The plank is a specific core strength exercise which involves holding a difficult position for increasingly longer periods of time. There are many forms of plank workouts and disciplines such as yoga and Pilates incorporate types of planking into their routines. As with all exercises, plank workout efficiency can be improved by doing them correctly.
Planks strengthen the muscles in the abdomen, back and shoulders with different variations of the plank focusing on different muscle groups in addition. The front plank is the most common form of the plank work out and is a static push up where the weight of the body is supported by the forearms, elbows and toes. As well as the muscles stated above the front plank also tones secondary muscles including the traps, delts, pecs, glutes and the quads. A side plank tones the glutes, quads and the hamstrings.
The work outs themselves should be slow and steady and the time spent holding the planks built up over time. To being with a simple front plank get yourself into a press up position, resting on your forearms with your elbows directly below your shoulders. Your body should be in a straight line from your head to your feet. Avoid raising your bottom and keep your eyes focused on the floor.
The idea at first should be to hold for 2 minutes. You will probably begin by making around thirty seconds to start with and gradually build up. Although you are technically not moving your abdominal muscles (and others as stated) are continuously working to support your body and hold the position. There are other exercises you can do alongside the plank to increase the time you can spend holding the position – exercises such as weigh bearing, squats and deadlift.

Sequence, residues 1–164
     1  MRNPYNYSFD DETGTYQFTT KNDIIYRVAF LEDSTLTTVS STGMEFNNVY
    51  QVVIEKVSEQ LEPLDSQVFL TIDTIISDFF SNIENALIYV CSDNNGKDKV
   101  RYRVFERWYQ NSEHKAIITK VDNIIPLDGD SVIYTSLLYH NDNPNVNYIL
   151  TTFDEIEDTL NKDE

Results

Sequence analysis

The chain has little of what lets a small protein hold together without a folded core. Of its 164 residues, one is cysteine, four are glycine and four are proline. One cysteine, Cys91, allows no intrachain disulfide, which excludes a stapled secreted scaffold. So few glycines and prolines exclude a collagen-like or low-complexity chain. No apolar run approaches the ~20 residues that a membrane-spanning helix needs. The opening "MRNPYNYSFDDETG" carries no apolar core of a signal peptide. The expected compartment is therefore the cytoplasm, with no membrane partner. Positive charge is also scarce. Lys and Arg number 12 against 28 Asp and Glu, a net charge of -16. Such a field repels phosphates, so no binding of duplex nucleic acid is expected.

For complete beginners, if you cannot hold the front plank, you can begin a plank in the same way as you would build up to a press up – i.e. on your knees rather than your toes. Build up to a full plank by gradually moving your knees further and further away from your shoulders and eventually moving onto your toes.
Whilst planking you can increase your work out by increasing the demand on your core muscles in ways such as lifting a leg in the air. This greatly increases the demand on your abs by resisting the core’s natural urge to rotate. The same idea can be achieved by lifting an arm as well. Ensure that after lifting right you lift the left etc. to ensure strength is built evenly.
Another option is to use a Swiss ball. Place the ball under your elbows as you stabilize yourself and you will have the added complication of the body needing to stabilize itself to prevent the ball from rolling out from underneath you.
Core strength which is attained by practicing planks is very important to overall physical health and stability. Having strong core muscles provides greater balance and better overall posture. This then has extra benefits such as helping to preserve healthy back, healthy digestion, enables good breathing habits and helps to eliminate toxins from the body. Having good core strength also protects your body from injury.